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In 1953 the European Convention for the Protection of Human Rights and Fundamental Freedoms came into force. It was born of the shared conviction that breaches of the most elementary human rights, such as had been experienced in the 1930s and 40s, should never be allowed to occur again.
The Convention and the control bodies responsible for ensuring the observance of the engagements undertaken by the contracting States have had a profound influence on democratic European society in the latter half of this century, and have had repercussions outside Europe too; indeed the European system of human rights protection has served as a model or basic reference text for other regional systems.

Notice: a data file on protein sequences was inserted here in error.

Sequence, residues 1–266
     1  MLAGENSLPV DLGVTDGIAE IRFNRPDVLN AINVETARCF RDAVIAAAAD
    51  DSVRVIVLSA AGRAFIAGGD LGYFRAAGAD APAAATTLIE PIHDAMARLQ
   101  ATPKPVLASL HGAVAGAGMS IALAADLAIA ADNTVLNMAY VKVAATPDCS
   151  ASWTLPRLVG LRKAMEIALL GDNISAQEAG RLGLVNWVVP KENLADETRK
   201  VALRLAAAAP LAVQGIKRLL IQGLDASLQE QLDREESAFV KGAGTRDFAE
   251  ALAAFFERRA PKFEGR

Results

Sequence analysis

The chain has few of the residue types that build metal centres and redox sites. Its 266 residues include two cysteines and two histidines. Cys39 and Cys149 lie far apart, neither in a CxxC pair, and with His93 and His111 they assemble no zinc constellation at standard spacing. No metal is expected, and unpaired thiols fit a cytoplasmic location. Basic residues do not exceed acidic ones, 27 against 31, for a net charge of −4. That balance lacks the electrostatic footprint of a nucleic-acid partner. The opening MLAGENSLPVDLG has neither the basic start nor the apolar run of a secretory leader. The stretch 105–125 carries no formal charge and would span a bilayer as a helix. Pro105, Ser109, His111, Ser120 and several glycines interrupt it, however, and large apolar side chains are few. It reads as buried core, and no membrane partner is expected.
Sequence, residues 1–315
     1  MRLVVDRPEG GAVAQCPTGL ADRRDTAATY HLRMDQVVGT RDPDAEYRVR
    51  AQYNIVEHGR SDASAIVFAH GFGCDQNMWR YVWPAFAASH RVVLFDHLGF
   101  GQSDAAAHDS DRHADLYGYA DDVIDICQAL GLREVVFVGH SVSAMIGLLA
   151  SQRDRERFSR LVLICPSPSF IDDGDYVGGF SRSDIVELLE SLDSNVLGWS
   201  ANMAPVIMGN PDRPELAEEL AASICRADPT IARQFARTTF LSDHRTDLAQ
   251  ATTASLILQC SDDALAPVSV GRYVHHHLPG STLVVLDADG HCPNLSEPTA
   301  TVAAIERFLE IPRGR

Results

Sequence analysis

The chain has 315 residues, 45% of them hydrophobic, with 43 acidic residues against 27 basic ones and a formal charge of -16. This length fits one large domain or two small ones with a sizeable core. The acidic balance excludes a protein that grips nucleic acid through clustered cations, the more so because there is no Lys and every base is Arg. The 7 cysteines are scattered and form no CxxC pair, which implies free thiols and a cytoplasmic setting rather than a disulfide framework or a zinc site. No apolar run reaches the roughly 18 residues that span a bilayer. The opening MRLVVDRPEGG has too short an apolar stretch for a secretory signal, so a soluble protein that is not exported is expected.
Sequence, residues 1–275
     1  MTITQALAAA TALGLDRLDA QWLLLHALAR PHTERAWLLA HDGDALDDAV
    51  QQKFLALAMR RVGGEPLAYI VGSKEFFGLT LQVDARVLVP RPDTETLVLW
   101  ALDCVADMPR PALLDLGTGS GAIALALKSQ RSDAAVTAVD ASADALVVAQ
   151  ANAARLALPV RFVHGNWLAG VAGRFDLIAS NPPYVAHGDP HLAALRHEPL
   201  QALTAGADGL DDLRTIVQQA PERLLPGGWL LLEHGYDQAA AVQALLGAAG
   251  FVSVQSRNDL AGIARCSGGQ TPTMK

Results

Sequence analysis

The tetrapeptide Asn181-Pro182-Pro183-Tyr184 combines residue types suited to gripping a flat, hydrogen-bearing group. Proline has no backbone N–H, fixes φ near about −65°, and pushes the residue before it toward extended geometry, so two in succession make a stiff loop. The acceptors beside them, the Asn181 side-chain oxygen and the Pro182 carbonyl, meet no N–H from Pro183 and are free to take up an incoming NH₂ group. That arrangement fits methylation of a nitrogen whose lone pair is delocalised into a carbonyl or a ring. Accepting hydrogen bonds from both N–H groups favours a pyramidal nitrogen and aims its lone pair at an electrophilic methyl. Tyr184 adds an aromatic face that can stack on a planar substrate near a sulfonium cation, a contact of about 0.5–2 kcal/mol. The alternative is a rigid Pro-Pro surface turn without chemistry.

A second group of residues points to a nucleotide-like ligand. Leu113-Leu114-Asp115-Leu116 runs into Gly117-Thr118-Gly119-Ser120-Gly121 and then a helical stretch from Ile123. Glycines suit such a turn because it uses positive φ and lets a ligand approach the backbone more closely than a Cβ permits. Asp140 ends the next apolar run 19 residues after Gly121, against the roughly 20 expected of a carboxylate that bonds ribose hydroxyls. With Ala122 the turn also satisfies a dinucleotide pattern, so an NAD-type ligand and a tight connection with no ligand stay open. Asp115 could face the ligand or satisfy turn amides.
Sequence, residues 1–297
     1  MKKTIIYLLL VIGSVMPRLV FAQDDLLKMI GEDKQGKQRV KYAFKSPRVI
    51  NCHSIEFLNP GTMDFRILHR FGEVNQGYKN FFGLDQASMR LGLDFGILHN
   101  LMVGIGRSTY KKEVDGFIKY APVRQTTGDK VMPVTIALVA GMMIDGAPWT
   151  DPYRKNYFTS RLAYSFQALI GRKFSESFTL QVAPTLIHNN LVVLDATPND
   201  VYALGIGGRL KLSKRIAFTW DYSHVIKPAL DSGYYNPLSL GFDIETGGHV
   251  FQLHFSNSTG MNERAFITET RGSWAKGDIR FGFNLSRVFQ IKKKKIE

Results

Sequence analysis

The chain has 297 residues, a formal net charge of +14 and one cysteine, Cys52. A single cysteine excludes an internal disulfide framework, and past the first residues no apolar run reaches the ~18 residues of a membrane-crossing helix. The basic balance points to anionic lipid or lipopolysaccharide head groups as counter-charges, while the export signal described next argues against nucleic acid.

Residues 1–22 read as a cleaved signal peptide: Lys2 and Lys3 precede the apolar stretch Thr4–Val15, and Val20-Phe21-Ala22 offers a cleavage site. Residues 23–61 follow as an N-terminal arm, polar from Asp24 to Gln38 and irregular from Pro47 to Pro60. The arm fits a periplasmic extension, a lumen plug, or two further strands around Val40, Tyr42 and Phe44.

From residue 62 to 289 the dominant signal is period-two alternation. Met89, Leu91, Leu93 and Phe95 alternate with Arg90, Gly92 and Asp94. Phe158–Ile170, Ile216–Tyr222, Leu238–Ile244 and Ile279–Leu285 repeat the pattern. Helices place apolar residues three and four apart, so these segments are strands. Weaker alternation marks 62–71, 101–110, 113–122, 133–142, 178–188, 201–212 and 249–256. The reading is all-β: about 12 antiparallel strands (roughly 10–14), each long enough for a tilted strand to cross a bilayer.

The European System for the Protection of Human Rights is a collection of essays by scholars and practitioners in the field of European Human Rights. Its aim is not only to sum up 40 years of European experience in the collective endeavour to protect human rights, but to stimulate critical thinking about that experience and to review whether the Convention system as it stands is still fitted to meet the needs of European society in the coming millennium.